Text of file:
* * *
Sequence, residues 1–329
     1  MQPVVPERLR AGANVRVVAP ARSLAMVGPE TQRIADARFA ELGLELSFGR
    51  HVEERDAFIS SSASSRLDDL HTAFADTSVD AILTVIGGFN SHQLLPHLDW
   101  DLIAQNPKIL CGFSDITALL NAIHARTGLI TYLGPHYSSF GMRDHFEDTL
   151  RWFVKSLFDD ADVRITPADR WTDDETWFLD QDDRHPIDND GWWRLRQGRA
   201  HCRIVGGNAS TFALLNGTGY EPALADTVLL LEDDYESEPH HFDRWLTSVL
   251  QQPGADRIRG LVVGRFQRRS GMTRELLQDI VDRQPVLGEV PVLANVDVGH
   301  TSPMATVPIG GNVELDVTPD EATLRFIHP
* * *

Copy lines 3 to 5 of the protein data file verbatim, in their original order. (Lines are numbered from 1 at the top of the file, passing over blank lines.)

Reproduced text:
    51  HVEERDAFIS SSASSRLDDL HTAFADTSVD AILTVIGGFN SHQLLPHLDW
   101  DLIAQNPKIL CGFSDITALL NAIHARTGLI TYLGPHYSSF GMRDHFEDTL
   151  RWFVKSLFDD ADVRITPADR WTDDETWFLD QDDRHPIDND GWWRLRQGRA